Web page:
3. Cloudwashing is contagious – many legacy enterprise IT vendors have a lot to lose as their customer base migrates to the cloud.  It’s probably not surprising that many of them are happy to have their customers mistakenly believe that virtualized environments = private clouds.  As a result we have the unfortunate phenomena of organizations claiming and believing that they’re migrating to private cloud models, when in fact they’re really not.
  4. Cloud infrastructure can create competitive advantage – while applications, analytics and data are commonly seen as the source of IT-enabled competitive differentiation, we heard about how some enterprises are actually seeking cloud infrastructure as potential sources of business advantage.  We heard from one other major financial services firm that the speed and agility benefits being provided by the combination of cloud and open source was in fact creating competitive business advantage in the marketplace.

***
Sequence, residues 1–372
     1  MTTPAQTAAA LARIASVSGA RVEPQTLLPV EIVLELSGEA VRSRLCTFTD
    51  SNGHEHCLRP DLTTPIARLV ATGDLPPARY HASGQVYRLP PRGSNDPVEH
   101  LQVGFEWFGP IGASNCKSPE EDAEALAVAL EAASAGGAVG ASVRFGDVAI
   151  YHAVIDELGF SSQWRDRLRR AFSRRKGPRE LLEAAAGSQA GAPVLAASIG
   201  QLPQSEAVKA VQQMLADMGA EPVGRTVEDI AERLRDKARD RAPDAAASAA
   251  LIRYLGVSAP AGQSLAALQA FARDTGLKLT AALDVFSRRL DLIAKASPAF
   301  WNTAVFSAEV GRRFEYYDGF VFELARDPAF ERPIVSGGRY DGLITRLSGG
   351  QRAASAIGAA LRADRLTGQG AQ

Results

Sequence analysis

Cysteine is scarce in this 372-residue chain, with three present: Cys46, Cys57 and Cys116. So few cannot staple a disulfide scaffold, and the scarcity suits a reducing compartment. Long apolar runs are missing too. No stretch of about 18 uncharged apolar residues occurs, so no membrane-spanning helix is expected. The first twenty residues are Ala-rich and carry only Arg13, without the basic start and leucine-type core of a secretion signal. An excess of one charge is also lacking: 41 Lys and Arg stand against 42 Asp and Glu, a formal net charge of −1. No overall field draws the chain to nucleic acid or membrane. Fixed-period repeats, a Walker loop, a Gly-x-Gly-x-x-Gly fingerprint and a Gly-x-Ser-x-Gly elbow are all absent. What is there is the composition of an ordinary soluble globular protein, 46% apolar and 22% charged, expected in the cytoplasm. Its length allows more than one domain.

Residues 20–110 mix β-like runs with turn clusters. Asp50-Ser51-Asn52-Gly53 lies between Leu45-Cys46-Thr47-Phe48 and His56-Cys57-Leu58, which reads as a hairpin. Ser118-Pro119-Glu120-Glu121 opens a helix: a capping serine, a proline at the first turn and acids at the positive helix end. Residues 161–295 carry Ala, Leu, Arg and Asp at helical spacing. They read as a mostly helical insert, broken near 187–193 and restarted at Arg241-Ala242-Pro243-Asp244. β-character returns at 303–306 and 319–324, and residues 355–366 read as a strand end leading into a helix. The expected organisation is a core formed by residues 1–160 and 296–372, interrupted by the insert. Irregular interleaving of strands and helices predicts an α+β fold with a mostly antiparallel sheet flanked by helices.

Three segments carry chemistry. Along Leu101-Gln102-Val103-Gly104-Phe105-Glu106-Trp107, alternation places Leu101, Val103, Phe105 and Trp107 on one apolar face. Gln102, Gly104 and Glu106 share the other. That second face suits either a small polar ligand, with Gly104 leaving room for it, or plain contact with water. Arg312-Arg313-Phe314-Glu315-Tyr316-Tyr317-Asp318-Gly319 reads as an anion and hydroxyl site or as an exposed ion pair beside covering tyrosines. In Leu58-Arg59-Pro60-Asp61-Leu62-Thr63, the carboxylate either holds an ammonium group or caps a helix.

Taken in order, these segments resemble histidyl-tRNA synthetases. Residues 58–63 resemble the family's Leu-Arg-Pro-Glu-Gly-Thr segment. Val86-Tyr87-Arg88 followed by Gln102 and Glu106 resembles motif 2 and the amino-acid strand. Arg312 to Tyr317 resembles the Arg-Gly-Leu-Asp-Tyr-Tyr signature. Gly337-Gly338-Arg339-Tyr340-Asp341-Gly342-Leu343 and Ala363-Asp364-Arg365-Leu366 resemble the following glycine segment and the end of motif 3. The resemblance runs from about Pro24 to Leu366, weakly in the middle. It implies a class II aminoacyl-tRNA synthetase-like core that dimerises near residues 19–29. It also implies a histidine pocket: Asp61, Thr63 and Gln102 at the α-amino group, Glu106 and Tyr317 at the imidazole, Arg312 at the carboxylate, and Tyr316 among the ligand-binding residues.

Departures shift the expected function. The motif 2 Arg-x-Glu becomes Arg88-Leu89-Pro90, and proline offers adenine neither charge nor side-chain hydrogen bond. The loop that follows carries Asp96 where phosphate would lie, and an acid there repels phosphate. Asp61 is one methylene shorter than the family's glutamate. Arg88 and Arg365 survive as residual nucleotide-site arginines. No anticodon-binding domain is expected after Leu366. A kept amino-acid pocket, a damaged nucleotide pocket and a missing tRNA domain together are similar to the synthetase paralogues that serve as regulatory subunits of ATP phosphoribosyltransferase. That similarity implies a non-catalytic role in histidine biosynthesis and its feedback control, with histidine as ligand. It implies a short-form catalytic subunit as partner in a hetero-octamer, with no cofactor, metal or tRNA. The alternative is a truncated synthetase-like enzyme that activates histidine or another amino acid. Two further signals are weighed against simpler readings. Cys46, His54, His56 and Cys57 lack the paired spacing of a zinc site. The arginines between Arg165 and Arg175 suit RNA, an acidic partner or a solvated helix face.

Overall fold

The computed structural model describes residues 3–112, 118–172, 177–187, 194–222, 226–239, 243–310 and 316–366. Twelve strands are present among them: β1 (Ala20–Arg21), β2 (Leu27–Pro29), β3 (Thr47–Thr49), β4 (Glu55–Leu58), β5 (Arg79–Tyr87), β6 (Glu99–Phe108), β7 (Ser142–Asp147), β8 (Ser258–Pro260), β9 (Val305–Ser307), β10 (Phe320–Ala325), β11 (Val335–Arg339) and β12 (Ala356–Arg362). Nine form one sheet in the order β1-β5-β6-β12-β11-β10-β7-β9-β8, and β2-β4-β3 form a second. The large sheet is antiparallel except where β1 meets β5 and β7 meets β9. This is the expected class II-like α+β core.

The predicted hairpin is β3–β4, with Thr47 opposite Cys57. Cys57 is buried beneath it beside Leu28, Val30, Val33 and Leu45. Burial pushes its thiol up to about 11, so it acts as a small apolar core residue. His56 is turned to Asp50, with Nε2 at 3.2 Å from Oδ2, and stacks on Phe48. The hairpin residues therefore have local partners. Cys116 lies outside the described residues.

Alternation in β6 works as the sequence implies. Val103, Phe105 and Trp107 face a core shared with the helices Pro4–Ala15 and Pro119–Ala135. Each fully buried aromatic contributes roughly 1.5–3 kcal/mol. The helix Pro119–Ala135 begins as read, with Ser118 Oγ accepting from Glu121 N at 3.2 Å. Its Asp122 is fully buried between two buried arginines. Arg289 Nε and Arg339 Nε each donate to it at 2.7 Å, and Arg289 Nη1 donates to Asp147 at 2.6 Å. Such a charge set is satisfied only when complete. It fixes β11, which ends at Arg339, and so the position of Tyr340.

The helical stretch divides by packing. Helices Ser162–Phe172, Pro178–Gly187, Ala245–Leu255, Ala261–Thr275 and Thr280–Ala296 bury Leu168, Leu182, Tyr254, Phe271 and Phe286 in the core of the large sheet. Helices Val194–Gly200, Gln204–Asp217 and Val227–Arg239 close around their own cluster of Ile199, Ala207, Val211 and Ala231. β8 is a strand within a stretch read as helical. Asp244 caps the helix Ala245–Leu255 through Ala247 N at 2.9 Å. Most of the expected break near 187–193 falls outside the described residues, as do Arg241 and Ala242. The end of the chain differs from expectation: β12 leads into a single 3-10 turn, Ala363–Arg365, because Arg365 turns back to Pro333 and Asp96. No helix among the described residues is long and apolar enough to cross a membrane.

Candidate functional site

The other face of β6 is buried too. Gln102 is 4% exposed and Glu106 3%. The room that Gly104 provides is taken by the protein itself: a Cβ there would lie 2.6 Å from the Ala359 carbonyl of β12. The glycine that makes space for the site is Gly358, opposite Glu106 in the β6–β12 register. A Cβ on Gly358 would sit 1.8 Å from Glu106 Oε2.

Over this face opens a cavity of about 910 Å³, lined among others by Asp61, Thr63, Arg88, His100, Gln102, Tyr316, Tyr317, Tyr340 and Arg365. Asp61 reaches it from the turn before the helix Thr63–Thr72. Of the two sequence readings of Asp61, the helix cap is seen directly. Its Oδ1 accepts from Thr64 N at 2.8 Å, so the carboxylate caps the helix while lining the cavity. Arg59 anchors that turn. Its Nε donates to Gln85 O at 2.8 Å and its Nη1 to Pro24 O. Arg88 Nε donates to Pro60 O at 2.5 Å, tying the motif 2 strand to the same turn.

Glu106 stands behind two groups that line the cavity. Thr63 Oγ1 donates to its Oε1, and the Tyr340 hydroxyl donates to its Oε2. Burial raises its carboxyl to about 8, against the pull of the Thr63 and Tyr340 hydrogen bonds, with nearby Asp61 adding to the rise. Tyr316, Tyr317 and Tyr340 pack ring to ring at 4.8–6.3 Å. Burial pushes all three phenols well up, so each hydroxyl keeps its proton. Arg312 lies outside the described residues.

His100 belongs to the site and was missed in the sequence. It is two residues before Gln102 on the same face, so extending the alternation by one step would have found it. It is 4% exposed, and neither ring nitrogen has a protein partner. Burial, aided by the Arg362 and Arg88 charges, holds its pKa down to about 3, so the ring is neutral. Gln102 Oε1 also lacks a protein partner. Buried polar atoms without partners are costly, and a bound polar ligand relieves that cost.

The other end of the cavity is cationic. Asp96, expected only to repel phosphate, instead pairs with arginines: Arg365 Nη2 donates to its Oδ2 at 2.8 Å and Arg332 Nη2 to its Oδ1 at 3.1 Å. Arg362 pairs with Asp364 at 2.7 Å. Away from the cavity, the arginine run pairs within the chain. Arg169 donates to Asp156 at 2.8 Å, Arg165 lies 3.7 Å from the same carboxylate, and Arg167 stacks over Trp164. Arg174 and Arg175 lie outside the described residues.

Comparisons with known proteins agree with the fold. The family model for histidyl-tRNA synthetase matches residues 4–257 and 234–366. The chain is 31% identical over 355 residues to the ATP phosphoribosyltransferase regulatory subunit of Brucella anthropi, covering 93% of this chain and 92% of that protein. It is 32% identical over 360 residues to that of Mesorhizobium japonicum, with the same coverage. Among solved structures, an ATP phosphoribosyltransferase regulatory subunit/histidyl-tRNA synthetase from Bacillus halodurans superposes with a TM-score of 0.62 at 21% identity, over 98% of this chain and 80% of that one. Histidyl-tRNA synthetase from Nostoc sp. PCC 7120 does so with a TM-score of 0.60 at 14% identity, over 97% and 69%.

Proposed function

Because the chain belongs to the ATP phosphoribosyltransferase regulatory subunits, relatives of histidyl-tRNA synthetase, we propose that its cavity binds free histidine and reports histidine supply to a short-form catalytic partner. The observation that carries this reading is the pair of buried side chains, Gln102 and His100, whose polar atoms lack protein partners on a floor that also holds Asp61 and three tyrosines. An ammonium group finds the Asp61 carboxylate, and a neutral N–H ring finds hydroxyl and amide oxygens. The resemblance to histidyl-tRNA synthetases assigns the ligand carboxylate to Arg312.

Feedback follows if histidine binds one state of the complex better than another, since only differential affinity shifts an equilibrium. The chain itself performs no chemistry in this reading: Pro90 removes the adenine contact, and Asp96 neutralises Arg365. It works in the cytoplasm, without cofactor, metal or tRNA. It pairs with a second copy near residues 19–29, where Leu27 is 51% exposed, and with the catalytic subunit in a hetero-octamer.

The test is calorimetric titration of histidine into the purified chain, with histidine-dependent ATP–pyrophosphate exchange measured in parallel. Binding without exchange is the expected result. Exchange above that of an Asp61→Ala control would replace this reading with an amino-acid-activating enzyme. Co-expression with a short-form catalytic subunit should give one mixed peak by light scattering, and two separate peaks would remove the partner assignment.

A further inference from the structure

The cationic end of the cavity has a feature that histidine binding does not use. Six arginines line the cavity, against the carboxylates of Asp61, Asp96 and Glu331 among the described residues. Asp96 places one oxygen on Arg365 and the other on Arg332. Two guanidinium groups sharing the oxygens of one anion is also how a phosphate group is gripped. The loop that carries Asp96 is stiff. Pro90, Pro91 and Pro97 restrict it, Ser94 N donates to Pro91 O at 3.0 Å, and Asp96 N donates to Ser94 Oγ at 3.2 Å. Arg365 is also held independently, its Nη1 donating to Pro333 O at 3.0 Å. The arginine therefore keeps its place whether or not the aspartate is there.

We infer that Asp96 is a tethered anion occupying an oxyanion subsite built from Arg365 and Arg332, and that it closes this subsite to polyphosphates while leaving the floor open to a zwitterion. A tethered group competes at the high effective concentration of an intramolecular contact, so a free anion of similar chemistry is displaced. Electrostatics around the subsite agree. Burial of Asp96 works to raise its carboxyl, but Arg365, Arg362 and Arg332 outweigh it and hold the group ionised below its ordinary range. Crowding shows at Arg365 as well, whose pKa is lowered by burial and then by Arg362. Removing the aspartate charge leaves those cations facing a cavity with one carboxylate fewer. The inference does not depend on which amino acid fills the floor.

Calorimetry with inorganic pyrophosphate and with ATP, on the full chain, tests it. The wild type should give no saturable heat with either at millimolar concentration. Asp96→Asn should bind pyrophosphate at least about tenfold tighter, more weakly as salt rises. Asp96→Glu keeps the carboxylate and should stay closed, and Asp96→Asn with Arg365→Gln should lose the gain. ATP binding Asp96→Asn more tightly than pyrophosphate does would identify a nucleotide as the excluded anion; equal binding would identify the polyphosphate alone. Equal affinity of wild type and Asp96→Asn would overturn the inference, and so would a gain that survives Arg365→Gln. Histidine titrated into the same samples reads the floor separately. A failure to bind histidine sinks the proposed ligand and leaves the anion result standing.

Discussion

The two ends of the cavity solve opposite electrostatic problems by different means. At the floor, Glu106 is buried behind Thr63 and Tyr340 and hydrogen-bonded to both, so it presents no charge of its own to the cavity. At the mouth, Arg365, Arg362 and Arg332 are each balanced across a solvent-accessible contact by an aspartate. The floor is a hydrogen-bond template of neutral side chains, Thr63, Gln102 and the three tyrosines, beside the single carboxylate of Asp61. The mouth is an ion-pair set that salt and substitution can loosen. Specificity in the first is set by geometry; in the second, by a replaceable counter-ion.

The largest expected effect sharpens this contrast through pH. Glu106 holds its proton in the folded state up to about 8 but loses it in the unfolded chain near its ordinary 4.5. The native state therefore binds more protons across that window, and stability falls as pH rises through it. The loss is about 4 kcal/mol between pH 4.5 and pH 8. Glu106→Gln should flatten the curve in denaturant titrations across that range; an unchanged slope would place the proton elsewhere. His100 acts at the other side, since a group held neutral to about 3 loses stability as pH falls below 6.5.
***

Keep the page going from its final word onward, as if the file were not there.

5. Shadow IT doesn’t always mean happy customers – a growing trend that we heard a bit about was the “lose / lose” dynamic that was being created in some organizations by shadow IT.  The scenario goes like this: business buyer asks corporate IT for on-demand infrastructure services, with requirements that are perhaps a bit unrealistic.  Unhappy with the response they hear, business buyer instead goes to a public cloud IaaS provider, but quickly realize requirements aren’t met there either, but for different reasons.  The result is one unhappy customer and two unhappy service providers.   While this is the exception not the norm today with shadow IT, it is a trend worth watching.  Note to business buyers:  with freedom comes responsibility, certainly at least to understand your real requirements.